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Treehouse offers a seven day free trial for new students. Get access to thousands of hours of content and a supportive community. Start your free trial today. # This is where I seem to get confused. There are so many elements/names, can someone explain \$array as \$element?

I mean I kind of get it, but there is no way I could write this out in the real world out of my head. I need to grasp what's happening here. Thanks!

palindromic_primes.php
```<?php

function mimic_array_sum(\$array) {
\$sum = 0;
foreach(\$array as \$element) {
\$sum = \$sum + \$element;
}
return \$element;
}

\$palindromic_primes = array(11, 757, 16361);
\$sum = mimic_array_sum(\$palindromic_primes);
echo \$sum;

?>
```

For the sake of example, let's assume that `\$array` is an array that contains 5 elements. It could look something like this:

```\$array = 'Apple'
\$array = 'Orange'
\$array = 'Banana'
\$array = 'Melon'
\$array = 'Strawberry'
```

When you want to iterate through an array in php, you usually want to use `foreach`. The following syntax:

`foreach(\$array as \$element)`

basically reads "Repeat the following code for each item inside the array, and call it (the current item) 'element'". So on the first iteration `\$element` will contain the value "Apple", and on the second "Orange", and so on. The loop stops when it has iterated through all the items in the `\$array` array. So `\$element` is just a temporary variable that is used to store the array contents as you loop through them one-by-one.

Hope this helps :)

Any and all variables can be called anything (though there are a couple of rules that apply). In this case it's called \$array just to make it obvious that it's an array. But you could call it \$jerry if you prefer :D

In your example, \$array is only seen in the function. The important thing about function is that any and all code within the function is almost like a bubble -- abstract from the rest of the code. For example, you cannot use a variable that you used ealier in the code, in contrast to "regular code". You must see functions and the "main code" as two separate and independent pieces of code that do not interract with eachother. The only common they have is that they are written in the same document.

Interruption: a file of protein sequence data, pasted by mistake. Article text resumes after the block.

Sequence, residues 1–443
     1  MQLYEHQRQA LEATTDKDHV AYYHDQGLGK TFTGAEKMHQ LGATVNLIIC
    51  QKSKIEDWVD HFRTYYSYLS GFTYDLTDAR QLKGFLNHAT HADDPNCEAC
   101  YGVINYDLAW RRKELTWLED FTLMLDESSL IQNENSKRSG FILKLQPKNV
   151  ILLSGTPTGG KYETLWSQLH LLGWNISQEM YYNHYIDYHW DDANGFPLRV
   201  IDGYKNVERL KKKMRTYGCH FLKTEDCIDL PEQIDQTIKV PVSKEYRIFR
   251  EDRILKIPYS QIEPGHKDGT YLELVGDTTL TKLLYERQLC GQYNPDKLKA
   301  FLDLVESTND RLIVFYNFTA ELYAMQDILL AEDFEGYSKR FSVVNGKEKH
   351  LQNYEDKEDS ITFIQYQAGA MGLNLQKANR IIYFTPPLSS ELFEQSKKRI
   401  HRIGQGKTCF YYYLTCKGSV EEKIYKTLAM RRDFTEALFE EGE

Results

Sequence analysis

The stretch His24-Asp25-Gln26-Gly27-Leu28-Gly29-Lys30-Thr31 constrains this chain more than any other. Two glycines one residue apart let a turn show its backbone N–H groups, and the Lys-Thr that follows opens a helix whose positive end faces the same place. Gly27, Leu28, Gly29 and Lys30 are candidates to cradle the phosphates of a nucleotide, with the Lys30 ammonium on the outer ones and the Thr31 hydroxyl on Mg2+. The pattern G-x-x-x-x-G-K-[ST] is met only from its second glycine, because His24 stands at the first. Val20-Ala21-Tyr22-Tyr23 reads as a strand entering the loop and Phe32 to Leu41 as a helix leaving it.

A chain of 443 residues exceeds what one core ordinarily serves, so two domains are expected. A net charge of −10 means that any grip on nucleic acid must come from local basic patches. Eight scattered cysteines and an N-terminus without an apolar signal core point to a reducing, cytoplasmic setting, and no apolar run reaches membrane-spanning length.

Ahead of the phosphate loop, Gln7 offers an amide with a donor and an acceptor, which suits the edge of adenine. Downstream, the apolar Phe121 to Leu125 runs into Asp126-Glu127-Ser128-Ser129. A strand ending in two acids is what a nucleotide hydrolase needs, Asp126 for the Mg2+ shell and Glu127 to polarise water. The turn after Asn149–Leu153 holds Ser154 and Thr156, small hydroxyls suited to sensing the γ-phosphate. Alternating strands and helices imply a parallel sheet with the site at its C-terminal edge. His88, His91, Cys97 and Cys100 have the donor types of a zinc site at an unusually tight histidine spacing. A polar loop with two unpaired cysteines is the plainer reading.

If you want to send a variable (or as many as you want) you must send what's called a parameter to the function. Parameters are denoted by the values stated within the parenthesis next to the function name. In your example, your function is called `mimic_array_sum` and accepts one variable which it calls \$array.

What's important to note here that whenever you call the function `mimic_array_sum` and pass it an argument, the function will still call that argument \$array. When you pass an argument you essentially make the function make a copy of that variable. It then does the operations that are written in that function, and when done returns a result back to the "main code".

Here is a code example:

```function find_double(\$nbr) {
\$result = 2 * \$nbr;
return \$result;
}

\$nbr = 5;
\$variable = 9;

\$test1 = find_double(\$nbr);
\$test2 = find_double(\$variable);
\$test3 = find_double(13);

echo \$test1;
echo \$test2;
echo \$test3;
```

First, I declare a function which I call `find_double`. This function accepts one variable, which locally (and only locally within the function) is called \$nbr. Then I make two variables with values 5 and 9. Finally I call the function 3 times, each time giving it a different parameter. The \$test1/2/3 will store the return-value of the function which I then echo out.

As you can see, when I call the function, I can pass any variable or value I want. Name doesn't matter. It can be the same name as used locally inside the function, or not. The function will be run 3 times because it's called 3 times. If we were to somehow pause the function midway and look up the value of \$nbr, we would see that it has the value: 5, the first time it's called, then 9 and finally 13.

So to answer your question, `\$array` was never created because it's a parameter for a function -- it will just copy over whatever value you sent into it. So if you want to send it an array, you probably have created it elsewhere in your code. Indeed, it was created on the line:

`\$palindromic_primes = array(11, 757, 16361);`

Here you create an array called "palindromic_primes" with the 3 values stored within it: 11, 757, and 16361. On the next line you send this array into the mimic_array_sum function. The function will return a result at some point which the "main program" awaits to retrieve and store in the variable `\$sum`.

If you haven't already, check out Treehouses PHP function course. It's quite small and easy to do within a day or two: http://teamtreehouse.com/library/php-functions-2